Certainly your horse is in prison.
He is dependent on others for his food and water.
There is no escape for him…he is at your mercy.
Only you can insure his needs are being met….no matter what the cost.
“Two flakes of hay in the morning and two flakes of hay at night.”
I hear it all the time. But how much do those flakes weigh? How
big is the horse? What is the quality of the hay?
A horse should receive at least 2 percent of his body weight per day in
good quality digestible forage. So that means a 1200-pound horse would
need 24 pounds of hay each day. The average flake of hay weighs around
three pounds…take that times four flakes per day and it equals 12 pounds
of hay – half what he should be getting. The horse is starving.
In addition to not getting enough hay, the hay is probably not good quality.
Drought in some areas, rains in others mean hay shortages, driving hay prices
Many boarding stables are buying anything that can be tied in twine…regardless
of the quality. So the 12 pounds of hay our starving 1200-pound horse
is getting may only have 6 pounds of digestible material.
He is probably wasting the rest - “He wastes it, so the boarding stable
decreased his hay.”
They should be feeding more, not less, so he can pick through it and get
what can be digested.
Or he is being forced to eat what he cannot digest.
Eating what should not be eaten can cause impaction colic while he is being
starved to death. Adding to his troubles is his hay belly caused when
the cecum (part of the large intestine) is being stretched with non-digestible
If your boarding stable refuses to feed more hay or cannot purchase better
quality hay it is up to you to take steps. This may mean paying more
board, moving the horse to a better facility or providing your own hay (and
making more trips each day to be sure your horse gets it).
Horses are trickle feeders – they need to graze. Small frequent meals
throughout the day are better than two large ones. If it is possible
- pay an employee at the boarding stable to give your horse hay at noon.
Boarding stables are a business and the goal is to make money.
This means keeping expenses down. Don’t expect your horse to get the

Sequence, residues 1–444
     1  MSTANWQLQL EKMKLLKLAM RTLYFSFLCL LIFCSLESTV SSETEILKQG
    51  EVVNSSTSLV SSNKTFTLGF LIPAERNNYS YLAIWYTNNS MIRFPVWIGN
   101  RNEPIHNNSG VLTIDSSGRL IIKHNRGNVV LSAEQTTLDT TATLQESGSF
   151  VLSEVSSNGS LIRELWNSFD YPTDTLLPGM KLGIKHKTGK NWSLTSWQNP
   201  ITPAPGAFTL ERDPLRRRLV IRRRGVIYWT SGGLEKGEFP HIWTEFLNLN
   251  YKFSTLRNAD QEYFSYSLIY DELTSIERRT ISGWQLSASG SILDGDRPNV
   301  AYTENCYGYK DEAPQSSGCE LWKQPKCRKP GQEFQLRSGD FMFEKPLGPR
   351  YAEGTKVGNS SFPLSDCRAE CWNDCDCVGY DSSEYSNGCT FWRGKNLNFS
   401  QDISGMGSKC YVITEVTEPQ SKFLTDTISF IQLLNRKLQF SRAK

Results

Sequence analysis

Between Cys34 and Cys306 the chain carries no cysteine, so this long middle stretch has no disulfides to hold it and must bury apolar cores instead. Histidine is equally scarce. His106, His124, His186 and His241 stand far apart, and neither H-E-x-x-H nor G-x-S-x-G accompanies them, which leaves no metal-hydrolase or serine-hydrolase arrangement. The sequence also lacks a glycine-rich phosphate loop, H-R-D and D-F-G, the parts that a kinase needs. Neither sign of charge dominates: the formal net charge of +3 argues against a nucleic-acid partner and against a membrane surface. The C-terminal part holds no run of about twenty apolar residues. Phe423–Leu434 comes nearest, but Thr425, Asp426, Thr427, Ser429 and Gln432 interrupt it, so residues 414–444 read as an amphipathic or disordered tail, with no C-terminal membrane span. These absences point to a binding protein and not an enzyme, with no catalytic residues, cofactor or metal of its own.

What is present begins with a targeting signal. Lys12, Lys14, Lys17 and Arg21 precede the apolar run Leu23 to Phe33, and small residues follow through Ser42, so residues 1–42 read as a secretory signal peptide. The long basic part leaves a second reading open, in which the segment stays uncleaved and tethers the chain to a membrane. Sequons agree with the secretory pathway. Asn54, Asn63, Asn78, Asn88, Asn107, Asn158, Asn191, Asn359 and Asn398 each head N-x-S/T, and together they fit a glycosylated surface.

best quality grain on the market. The “house mix” may not be what your
horse requires, especially if the hay is poor. Be prepared to supply
your own grain or pay more for a better quality feed. Consult an equine nutritionist
for help balancing the diet.
Water is the most important nutrient for any living creature. Death
will come in three days if water is not available.
Water is cheap but it takes work to provide fresh, clean water at all times.
Automatic waterers are convenient, but there is no way to monitor how much
water your horse is drinking. They do not get cleaned and checked regularly,
and that’s a fact.
It is usually taken for granted the automatic waterer is working…until the
horse gets colic.
If the stable provides automatic waterers ask if a flow meter can be installed.
Take it upon yourself to check and clean the bowl daily.
Buckets of water hanging in the stall work great, but they need to be cleaned.
I’ve seen dead rodents, manure, old feed and green slime in buckets at many
upper-class facilities. A little bleach and a stiff brush works wonders.
In the summer make sure your horse has two buckets of water filled twice
daily. In the winter make sure the water is not frozen, in addition
to being kept fresh and clean.
When you bought the horse you accepted the responsibility of caring for
a living creature dependent upon you for life and good health. It’s
a responsibility that must be met…no matter what the cost.
Life in prison for an innocent horse is the worst kind of torture.